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Hicham Azmani, Hicham Azmani, Andries Rosseau, , Roxana Radulescu
 

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Abstract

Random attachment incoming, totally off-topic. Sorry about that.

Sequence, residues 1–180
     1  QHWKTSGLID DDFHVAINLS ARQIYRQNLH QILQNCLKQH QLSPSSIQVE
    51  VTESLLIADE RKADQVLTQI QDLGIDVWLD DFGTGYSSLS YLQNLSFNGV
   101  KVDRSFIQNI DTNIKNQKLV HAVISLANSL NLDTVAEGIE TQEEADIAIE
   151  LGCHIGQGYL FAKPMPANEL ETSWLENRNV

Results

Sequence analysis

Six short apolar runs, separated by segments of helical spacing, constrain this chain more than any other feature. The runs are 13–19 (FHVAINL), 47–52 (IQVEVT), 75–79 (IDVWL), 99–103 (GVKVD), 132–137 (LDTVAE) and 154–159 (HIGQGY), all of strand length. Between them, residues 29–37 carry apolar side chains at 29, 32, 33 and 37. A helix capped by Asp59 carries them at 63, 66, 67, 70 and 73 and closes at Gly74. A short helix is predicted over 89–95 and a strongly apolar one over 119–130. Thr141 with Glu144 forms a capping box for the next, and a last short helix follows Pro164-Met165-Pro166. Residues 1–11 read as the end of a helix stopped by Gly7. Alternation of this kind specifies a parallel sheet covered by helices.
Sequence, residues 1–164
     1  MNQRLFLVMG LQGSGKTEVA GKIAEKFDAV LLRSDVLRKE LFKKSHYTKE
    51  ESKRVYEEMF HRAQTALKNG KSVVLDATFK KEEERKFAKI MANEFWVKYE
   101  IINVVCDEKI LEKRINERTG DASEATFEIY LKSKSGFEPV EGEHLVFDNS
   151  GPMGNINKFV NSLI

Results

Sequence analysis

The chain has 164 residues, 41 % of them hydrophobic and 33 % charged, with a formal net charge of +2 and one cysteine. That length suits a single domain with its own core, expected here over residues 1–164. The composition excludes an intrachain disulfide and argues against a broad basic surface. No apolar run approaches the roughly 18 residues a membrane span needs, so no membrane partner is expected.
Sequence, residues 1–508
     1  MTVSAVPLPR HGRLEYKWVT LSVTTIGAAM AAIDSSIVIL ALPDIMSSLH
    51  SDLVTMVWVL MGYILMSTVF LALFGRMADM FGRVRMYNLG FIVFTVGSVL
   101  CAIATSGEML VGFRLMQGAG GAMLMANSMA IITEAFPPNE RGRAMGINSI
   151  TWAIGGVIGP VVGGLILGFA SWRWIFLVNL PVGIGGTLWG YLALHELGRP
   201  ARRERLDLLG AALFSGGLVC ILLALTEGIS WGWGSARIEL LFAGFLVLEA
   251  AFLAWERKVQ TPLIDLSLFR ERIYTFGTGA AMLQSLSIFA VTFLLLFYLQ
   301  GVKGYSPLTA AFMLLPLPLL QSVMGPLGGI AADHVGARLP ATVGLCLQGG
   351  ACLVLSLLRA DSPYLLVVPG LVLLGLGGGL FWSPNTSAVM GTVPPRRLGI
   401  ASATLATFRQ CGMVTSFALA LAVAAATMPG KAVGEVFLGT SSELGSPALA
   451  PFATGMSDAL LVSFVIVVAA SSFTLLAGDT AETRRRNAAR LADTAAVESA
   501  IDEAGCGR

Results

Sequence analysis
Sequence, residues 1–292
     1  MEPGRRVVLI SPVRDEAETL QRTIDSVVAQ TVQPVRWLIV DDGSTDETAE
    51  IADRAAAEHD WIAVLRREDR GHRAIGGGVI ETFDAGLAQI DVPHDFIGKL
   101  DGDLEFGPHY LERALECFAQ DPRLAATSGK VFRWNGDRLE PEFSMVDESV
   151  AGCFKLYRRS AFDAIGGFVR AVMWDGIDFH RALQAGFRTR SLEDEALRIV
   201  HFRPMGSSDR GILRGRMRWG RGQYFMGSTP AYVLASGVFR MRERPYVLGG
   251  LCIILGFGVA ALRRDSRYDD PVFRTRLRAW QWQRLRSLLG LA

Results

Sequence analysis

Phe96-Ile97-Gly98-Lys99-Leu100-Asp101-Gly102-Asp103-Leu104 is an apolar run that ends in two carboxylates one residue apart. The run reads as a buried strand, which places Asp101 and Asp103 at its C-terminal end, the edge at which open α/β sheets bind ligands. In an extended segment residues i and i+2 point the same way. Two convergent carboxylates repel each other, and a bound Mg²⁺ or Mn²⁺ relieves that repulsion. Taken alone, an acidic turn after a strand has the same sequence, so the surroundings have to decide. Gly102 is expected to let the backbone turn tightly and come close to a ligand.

According to the social intelligence hypothesis, cooperation is considered a key component of intelligence and is required to solve a wide range of problems, from everyday challenges like scheduling meetings to global challenges like mitigating climate change and providing humanitarian aid. Extending the ability for artificial intelligence (AI) to cooperate well is critical as AI becomes more prevalent in our lives. In recent years, multi-agent reinforcement learning (MARL) has emerged as a powerful approach to model and analyse the problem of cooperation among artificial agents. In this paper, we investigate the impact of communication on cooperation among reinforcement learning agents in social dilemmas. These are settings in which the short-term individual interests are in conflict with the longterm collective ones, thus each individual profits from defecting, but the overall group would benefit if everyone cooperates. We particularly focus on a temporally and spatially extended Stag-Hunt-like social dilemma that models animal foraging behaviour using principles from Optimal Foraging Theory. We propose a method for communication that combines a graph-based attention mechanism with deep reinforcement learning methods. Additionally, we examine several facets of communication, including the effects of the communication topology and the communication range. We find that greater cooperative behaviour can be achieved through graph-based communication using reinforcement learning in social dilemmas. Additionally, we find that during foraging, local communication promotes better cooperation than long-distance communication. Finally, we visualise and investigate the learned attention weights and explain how agents process communications from other agents.

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